Figure 2: Experimental setup used by Engler and Albrecht (12). The oil sample was flowing from a reservoir (A) by gravimetric pressure through a glass connecting tube (B) to the bottom of the tube filled with fullerÃÂ´s earth (C). The tubes were 80â90 cm (2).
Engler, together with E. Albrecht, published his results in 1901 (12). Similar to Day (and later Gilpin), he recorded only the changes in the physical characteristics of the individual fractions, without any attempt at further separation of individual compounds. Table II presents typical results of Engler and Albrecht (12). In addition to fuller's earth, they also tried other adsorbents ("various sands") but the results were essentially the same. They also carried out experiments with other samples — for example, a 1:1 (v/v) ethanol–aniline mixture — but again, only the specific weights of the individual fractions were reported.
Engler also considered the theoretical background of the (partial) fractionation occurring on fuller's earth. Apparently influenced by the then fashionable "capillary analysis" of Goppelsroeder (see, for example, the discussion in reference 13), he attributed the partial separation of the lighter fractions to capillary action. It took almost a decade until Ubbelohde clarified that fractionation on fuller's earth is due to selective adsorption and has nothing to do with capillary action (14).
The system of Engler and Albrecht clearly was more advanced than the one used by Day and Gilpin: it was faster and collection of the effluent was more convenient than the tedious work of dividing the fuller's earth packing into fragments and recovering the oil from these. Because the activities of Gilpin and his graduate students came seven years after Engler's publication, one might ask the obvious question, why did Gilpin not adapt Engler's system for his own investigations? Most likely the reason for this was that Gilpin's primary aim was (just as that of Day) to investigate changes occurring during passage of oil in the strata (modeled by the fuller's earth) through various geological formations, and not obtaining individual compounds. Another question one might ask is: because Gilpin's publications followed Tswett's, why did he not cite him? Most likely Gilpin was not aware of Tswett's work, but even if he had known about it, he would not consider any relationship to his investigations.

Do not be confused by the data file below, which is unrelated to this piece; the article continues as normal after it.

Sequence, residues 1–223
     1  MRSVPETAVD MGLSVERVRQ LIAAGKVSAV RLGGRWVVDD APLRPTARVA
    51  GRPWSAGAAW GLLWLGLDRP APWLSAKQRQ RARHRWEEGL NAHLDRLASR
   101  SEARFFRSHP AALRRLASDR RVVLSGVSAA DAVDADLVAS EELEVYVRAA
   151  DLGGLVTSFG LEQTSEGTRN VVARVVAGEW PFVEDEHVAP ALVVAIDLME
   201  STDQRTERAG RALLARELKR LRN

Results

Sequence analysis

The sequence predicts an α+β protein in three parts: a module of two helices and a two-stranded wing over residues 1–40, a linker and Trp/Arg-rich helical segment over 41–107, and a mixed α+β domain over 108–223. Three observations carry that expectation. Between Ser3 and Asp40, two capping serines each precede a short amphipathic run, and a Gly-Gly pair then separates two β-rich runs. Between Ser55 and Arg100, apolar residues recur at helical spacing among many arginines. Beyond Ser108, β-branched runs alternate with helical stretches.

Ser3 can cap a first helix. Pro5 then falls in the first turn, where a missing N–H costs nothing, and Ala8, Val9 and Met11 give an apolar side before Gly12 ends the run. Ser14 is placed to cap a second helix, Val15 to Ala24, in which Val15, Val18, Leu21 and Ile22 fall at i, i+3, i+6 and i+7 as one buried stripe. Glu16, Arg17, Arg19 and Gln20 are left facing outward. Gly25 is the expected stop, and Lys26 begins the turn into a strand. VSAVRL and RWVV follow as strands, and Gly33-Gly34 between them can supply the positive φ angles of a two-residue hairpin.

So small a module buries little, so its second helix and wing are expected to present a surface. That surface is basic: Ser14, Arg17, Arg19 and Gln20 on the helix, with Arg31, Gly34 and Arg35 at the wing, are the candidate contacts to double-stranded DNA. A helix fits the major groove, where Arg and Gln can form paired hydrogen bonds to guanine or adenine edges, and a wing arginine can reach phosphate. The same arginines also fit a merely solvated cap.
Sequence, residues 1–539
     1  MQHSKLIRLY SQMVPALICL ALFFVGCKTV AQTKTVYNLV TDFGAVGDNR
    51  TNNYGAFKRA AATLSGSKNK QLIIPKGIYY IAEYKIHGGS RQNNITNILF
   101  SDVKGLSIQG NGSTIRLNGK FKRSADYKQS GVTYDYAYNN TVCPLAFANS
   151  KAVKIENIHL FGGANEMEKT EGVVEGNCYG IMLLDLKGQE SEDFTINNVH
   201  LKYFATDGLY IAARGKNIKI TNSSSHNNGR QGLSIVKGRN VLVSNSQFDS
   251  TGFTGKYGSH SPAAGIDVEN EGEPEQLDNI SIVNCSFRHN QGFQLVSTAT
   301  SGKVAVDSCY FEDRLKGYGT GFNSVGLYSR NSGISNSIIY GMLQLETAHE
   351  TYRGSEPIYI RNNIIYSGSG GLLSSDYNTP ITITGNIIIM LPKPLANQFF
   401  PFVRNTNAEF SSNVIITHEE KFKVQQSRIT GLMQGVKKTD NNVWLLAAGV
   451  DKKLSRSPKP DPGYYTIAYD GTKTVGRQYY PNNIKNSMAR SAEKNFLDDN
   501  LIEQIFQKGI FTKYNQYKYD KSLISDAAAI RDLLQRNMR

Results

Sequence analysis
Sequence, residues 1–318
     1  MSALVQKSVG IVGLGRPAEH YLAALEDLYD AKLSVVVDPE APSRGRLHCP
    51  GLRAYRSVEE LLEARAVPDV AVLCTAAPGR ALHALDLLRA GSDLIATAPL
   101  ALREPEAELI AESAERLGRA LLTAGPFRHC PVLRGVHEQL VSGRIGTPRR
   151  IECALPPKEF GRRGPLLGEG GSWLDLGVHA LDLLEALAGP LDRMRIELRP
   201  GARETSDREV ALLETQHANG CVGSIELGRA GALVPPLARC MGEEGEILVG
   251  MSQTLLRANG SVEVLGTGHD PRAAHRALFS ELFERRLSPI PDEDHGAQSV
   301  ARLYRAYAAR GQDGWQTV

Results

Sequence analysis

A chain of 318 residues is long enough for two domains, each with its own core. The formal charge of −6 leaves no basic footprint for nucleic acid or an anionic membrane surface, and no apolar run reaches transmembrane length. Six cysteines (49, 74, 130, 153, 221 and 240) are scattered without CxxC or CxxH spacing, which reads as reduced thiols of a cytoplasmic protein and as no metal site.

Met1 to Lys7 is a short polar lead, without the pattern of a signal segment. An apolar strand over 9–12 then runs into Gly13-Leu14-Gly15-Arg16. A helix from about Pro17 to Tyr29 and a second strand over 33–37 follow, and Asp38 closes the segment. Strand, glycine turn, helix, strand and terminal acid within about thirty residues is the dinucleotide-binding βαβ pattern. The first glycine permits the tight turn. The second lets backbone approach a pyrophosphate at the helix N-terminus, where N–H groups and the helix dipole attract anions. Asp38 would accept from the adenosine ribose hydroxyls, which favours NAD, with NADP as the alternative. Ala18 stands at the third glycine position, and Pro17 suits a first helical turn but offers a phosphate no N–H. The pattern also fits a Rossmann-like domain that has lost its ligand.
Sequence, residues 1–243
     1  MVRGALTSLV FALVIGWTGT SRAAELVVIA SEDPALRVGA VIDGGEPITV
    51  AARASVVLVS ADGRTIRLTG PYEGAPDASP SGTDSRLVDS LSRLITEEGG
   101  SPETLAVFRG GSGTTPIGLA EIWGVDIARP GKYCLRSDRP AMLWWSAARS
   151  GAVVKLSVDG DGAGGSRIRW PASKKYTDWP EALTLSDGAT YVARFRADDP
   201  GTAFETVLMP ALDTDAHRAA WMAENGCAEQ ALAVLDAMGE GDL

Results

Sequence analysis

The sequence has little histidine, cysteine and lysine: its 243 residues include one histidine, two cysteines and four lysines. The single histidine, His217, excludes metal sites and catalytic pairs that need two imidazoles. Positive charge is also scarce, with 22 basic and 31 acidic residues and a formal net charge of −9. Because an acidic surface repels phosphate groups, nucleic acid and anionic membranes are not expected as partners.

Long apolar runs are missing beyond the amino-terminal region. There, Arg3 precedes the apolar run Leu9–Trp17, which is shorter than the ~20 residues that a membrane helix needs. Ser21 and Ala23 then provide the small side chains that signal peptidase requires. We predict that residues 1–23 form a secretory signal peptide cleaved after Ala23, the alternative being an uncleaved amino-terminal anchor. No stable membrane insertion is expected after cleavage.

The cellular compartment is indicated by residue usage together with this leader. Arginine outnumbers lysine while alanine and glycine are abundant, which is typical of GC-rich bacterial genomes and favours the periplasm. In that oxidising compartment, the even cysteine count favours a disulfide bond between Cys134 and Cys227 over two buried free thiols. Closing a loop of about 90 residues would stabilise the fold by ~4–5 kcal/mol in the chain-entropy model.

Table II: Fractionation of American crude oil sample according to Engler and Albrecht (12)
We do not know of any further work of Engler along this line, however, a few petroleum chemists reported on some follow-up investigations. We should briefly mention three here.
Leo Ubbelohde (1876–1964) studied at the University of Berlin, Germany, and from 1907 on (from 1910 on as a professor) was associated with the Technical University of Karlsruhe, Germany. In 1933, he moved to the Technical University of Berlin–Charlottenburg. He had been very active in associations in the field of petroleum research and production. From 1907 to 1914, he served as the Secretary General of the International Petroleum Commission and in 1933 he established the German Society for Mineral Oil Research. He was also active in the fields of textiles and natural fats. We are interested here in one of his papers from 1909 criticizing a paper of Rakusin. In this paper, he stated among others, that the theoretical basis of the "filtration experiments" of Day and Engler had nothing to do with capillary action but was based upon selective adsorption (14).
Russian Petroleum Chemists
Commercial exploitation of the oil deposits along the Caspian Sea, near Baku (in present-day Azerbaijan) began in 1872 and by the beginning of the 20th century it represented the largest oil field in the world. (Today, it is practically unknown that these fields were developed by brothers of Alfred Nobel and the income from oil production significantly contributed to the immense wealth of the family.) A number of important Russian chemists have been associated with the petroleum industry and they also carried out intensive research. However, although they published in well-known Russian and foreign scientific journals, a historical evaluation of their activities is still missing. Essentially, we know about them only from the review papers of Herbert Weil (15–17) and the discussion of Camin and Raymond (20).
With respect to our subject, the work of two Russian scientists should be mentioned: they are M.A. Rakusin and V.E. Herr. Both followed the investigations of Day and Engler, studying the fractionation of crude oil by "filtration" through fuller's earth. M.A. Rakusin (18) also believed that capillary action served as the basis of this process, and Ubbelohde's quoted paper (14) is a polemic discussion of this incorrect interpretation (and some other statements of Rakusin). The other Russian chemist is V.E. Herr who, in 1909, published a paper in the German petroleum journal on "contribution to the filtration of crude oils from Baku through fuller's earth" (19). In this paper, he concentrated on the possibility to eliminate the high-molecular-weight aromatic fraction of crude oil by selective adsorption. It is of interest to quote his statement that his investigations clearly showed that "fractionation in the usual sense (i.e., separation of individual components) does not take place."